Sunday 4 December 2016

Lenihan says house prices now at bottom

'Confidence will rebuild, as up to now people were holding back'

Published 04/04/2010 | 05:00

Finance Minister Brian Lenihan claimed yesterday that the residential property market will stabilise following the transfer of toxic debt from the banks to Nama -- and predicted that people will now begin to buy houses again.

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Nama is buying most toxic loans at an average discount of 47 per cent, which is far steeper than the 30 per cent "haircut" which had been anticipated last September.

Yesterday, Mr Lenihan told the Sunday Independent: "One of the good things about the steep discount, averaging 47 per cent, is that the residential property market will now be stabilised at a realistic level."

He added: "You can now buy in confidence that the price is realistic."

The Finance Minister's belief that the property market has hit the bottom will come as a surprise to a number of economists, and other observers of the market, who recently predicted a further decline.

Statistical analysis shows that overall asking prices nationally have fallen 27.3 per cent from their peak in 2006. However, anecdotal evidence suggests that prices achieved are already up to 50 per cent lower than at peak.

Property prices plunged by 3.3 per cent in the first three months of this year, according to the latest property barometer from myhome.ie, which shows a slight ease in decline when compared to the 3.5 per cent fall during the last quarter of 2009.

Mr Lenihan is this week taking a far more optimistic outlook, not just in relation to the moribund property market, but in relation to the economy more generally. He has pointed to what he called "encouraging signs".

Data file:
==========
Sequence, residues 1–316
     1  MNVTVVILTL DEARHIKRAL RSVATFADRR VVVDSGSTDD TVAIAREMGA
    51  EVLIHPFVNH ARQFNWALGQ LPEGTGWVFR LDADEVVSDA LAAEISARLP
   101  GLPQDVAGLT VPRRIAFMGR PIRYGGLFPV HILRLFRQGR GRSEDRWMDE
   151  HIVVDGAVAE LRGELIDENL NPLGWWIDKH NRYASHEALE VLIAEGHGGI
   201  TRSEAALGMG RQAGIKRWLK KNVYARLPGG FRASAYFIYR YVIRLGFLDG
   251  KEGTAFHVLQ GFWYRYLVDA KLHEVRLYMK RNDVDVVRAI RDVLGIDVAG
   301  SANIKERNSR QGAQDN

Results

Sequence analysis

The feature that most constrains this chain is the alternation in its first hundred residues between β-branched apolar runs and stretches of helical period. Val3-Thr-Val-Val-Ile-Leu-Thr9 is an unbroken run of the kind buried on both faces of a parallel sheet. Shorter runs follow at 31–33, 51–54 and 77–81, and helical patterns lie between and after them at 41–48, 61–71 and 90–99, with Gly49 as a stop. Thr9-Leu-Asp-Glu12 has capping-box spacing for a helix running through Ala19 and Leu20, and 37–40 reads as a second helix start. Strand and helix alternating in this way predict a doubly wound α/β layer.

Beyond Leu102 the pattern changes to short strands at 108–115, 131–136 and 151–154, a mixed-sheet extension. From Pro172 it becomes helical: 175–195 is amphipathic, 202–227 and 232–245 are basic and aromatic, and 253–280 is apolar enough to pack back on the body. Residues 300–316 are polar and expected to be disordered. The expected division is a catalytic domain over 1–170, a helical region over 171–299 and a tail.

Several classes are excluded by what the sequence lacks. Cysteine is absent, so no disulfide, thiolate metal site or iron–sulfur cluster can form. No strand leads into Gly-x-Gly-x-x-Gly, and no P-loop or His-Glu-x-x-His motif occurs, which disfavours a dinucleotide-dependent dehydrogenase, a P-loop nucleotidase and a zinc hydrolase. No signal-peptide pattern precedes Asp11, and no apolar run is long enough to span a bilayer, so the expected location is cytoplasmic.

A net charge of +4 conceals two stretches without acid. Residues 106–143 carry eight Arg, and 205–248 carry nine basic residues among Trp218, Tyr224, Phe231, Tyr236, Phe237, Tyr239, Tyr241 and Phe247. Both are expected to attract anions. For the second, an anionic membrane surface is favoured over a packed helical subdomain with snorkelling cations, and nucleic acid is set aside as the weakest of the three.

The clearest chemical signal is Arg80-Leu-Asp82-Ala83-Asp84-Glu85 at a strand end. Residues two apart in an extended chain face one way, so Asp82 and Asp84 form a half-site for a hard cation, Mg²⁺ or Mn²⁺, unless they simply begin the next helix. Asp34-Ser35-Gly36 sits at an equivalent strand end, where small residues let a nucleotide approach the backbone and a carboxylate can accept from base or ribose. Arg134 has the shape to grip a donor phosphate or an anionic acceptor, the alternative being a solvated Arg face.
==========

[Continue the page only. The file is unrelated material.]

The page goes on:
The motor industry, he said, reported a 31 per cent increase in car sales, and the NCB Purchasing Managers Index, an indicator designed to provide a measure of the health of the manufacturing industry, was at 53 per cent -- the highest for a long time.

He said that this indicated "considerable optimism" among a key group.

The tourism sector, he said, would show some improvement this year as consumer prices become more competitive. "People are buying motor cars and, now that a realistic value has been established, more people will also buy residential property," he said.

"This will begin the rebuilding of confidence because up to now many people were holding back."

In its quarterly report published last week, National Irish Bank said that Dublin house prices would "hit a bottom" during this year, although prices nationally would continue to fall.

"Prices in Dublin started to fall earlier and have fallen further than in the rest of the country," the bank's chief economist, Ronnie O'Toole, said.

However, Mr O'Toole also said, in his 2008 quarterly report, that house prices had almost "bottomed out" at just 15 per cent off their 2006 peak, and that sales activity would return to normal in the second half of that year.

Meanwhile, Mr Lenihan also told the Sunday Independent that the international financial markets did not consider that the Nama project and bailout of the banks were a "catastrophe".

He said: "Over the past few days, the cost of our borrowings has not gone up.

"In fact, the confidence of those who trade in Ireland debt and Ireland's stock, and the positive reaction from the IMF, both indicate a strong, favourable reaction abroad," he added.

Mr Lenihan said that there was no point in going into denial about our problems.

"I understand that, to the general public, the numbers involved are frightening. But I would ask people to bear in mind that the Nama project is set up over a 15-year period and that there will no immediate cost in 2010 to our balance sheet."

He said that Bank of Ireland and Allied Irish Banks were viable enterprises and the resolution of their problems was reflecting the real value of those banks.

And the cost of Anglo Irish Bank and the two building societies, Irish Nationwide and EBS, would also be averaged over a 15-year period with no immediate cost.

To have allowed Anglo Irish Bank to collapse would have involved a fire sale, and the paying off of all depositors at an enormous cost to the taxpayer, he said.

Sunday Independent

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